Epidemiologic Effects of ART on HIV-related Anal Cancer and Anal Dysplasia

Investigator: Joel Palefsky, MD
Sponsor: Baylor College of Medicine

Location(s): United States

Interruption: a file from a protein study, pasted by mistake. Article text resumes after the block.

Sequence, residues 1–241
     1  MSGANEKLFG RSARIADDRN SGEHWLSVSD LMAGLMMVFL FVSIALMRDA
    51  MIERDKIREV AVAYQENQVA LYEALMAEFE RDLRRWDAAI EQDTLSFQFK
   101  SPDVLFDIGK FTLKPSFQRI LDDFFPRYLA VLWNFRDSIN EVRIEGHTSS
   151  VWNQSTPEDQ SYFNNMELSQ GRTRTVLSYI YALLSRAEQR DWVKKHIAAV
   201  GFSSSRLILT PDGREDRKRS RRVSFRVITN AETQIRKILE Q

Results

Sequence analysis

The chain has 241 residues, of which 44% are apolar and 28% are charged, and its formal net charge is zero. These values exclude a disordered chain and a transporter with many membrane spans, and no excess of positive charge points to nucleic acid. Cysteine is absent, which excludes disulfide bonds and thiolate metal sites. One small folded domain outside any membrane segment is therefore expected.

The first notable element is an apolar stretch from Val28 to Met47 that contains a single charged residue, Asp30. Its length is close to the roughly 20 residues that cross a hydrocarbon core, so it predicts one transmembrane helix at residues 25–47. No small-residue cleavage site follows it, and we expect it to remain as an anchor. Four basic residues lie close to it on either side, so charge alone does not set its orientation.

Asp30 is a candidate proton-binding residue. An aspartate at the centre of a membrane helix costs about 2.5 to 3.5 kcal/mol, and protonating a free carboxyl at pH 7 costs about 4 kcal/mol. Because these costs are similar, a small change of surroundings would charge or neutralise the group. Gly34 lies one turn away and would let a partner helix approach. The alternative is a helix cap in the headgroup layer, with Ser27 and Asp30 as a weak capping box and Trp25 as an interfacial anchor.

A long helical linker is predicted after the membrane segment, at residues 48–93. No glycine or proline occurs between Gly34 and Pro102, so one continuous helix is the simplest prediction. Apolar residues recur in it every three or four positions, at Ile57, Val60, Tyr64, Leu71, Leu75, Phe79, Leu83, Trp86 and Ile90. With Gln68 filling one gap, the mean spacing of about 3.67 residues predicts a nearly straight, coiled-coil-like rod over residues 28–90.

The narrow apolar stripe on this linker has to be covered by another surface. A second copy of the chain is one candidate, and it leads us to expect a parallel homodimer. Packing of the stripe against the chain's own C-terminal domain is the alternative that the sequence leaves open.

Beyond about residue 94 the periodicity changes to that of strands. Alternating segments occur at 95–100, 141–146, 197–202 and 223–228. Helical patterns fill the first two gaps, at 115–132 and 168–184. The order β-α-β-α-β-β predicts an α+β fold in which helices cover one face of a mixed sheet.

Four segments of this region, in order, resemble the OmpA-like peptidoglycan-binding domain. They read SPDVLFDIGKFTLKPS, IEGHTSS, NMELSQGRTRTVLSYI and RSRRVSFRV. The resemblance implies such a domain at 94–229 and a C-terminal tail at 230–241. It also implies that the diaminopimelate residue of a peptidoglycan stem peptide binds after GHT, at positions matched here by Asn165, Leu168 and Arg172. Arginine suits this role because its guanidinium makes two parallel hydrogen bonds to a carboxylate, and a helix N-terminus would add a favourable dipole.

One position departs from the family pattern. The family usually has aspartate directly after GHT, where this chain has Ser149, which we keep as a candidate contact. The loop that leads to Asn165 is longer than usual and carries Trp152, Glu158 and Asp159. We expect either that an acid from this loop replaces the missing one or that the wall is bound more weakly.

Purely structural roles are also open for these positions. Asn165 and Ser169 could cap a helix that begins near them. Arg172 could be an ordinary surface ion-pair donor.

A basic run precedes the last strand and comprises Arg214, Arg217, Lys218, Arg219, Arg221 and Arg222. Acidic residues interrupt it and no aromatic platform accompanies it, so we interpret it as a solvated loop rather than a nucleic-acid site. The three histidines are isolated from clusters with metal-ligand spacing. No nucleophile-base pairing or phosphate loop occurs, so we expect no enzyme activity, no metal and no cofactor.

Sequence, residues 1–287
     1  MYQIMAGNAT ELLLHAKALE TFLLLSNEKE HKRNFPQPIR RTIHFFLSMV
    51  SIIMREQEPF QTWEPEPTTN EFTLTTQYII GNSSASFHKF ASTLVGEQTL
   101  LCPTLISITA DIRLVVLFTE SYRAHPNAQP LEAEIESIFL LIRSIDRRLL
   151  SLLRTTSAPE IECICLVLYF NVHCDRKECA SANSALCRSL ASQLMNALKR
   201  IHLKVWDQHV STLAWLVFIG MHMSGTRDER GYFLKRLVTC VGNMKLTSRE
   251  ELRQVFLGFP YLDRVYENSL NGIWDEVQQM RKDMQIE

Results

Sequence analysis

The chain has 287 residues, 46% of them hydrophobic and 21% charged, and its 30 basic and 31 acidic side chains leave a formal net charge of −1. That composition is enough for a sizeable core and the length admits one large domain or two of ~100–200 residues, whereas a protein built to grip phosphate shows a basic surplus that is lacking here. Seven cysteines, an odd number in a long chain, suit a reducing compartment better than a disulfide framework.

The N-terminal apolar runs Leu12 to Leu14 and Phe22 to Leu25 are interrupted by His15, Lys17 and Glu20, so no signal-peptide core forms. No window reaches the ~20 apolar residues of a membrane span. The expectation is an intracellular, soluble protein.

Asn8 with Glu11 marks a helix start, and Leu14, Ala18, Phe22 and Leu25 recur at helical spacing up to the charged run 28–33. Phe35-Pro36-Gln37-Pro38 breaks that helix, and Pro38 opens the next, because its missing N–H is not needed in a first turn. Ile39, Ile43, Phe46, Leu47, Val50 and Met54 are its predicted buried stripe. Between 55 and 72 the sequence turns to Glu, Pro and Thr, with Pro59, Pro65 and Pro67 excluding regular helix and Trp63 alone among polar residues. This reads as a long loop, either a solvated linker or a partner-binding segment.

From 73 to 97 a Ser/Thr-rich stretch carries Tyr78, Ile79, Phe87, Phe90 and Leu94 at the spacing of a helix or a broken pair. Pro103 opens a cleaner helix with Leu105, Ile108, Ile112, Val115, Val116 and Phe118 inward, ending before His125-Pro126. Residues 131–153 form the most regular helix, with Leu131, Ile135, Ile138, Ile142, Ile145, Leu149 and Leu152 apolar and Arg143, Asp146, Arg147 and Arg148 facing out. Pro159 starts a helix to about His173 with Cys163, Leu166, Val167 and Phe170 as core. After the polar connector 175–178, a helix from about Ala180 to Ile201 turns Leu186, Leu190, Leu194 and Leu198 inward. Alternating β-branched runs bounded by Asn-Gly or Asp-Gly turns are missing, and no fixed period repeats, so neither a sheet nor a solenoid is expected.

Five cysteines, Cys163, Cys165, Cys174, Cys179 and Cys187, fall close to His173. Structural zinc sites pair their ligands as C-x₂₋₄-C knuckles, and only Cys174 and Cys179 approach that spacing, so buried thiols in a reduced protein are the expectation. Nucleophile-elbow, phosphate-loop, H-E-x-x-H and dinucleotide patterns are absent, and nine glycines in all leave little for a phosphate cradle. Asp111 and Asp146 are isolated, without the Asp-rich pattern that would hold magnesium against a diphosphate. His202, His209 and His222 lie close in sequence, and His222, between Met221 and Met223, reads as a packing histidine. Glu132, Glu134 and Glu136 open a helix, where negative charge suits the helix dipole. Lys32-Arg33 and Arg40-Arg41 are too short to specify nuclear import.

HIV-infected individuals have improved survival in the highly active antiretroviral therapy (HAART) era, but continue to have a higher risk of mortality from other serious illnesses such as squamous cell Cancer of the Anus (SCCA) and other non-AIDS defining malignancies. Because SCCA precursor lesions are readily identifiable using cytologic screening, SCCA may be a preventable cause of death among HIV-infected individuals. SCCA shares many biologic similarities with the AIDS-defining malignancy cervical Cancer, including a causal relationship with high-risk human papillomavirus (HPV) infection and an increased incidence of bothCancers in HIV-infected populations. Past research and preliminary data indicate that the incidence of SCCA is increasing in spite of HAART utilization, and that the effect of HAART on Anal Cancer precursor lesions is unclear. The relative influence of HAART use compared to other possibly confounding factors including length of HIV infection, nadir CD4 count, and HPV-related factors are unknown. The goals of this proposal are to assess the changes in the incidence of SCCA since the wide-spread introduction of HAART and identify relevant factors responsible for those changes. The specific aims for this proposal are: 1) To test the hypothesis that prolonged, advanced immunosuppression is associated with the development of SCCA; 2) To test the hypothesis that the prevalences of Anal Dysplasia, and high-risk HPV infection in a HAART naive, demographically understudied population is increased, and to determine if high-risk HPV viral load is independently associated with grade of Anal Dysplasia and advanced immunosuppression; 3) To measure the relative effect of baseline immunosuppression, and subsequent immunologic response to HAART initiation on the progression to high-grade Anal Dysplasia and high-risk HPV viral loads. The first specific aim will be accomplished with a retrospective cohort study using a unique, national, Veteran's Health Administration HIV registry. The 2nd aim will be addressed through a cross-sectional study evaluating a HAART-naive HIV-infected cohort and the 3rd aim will be accomplished by prospectively following the members of that cohort. The research plan, didactic training and outstanding mentoring environment, will allow the principal investigator to acquire new skills as well as refine existing skills in the development and execution of clinical studies, allowing her to develop into an independent investigator in the epidemiology, prevention and care of HIV-related malignancies.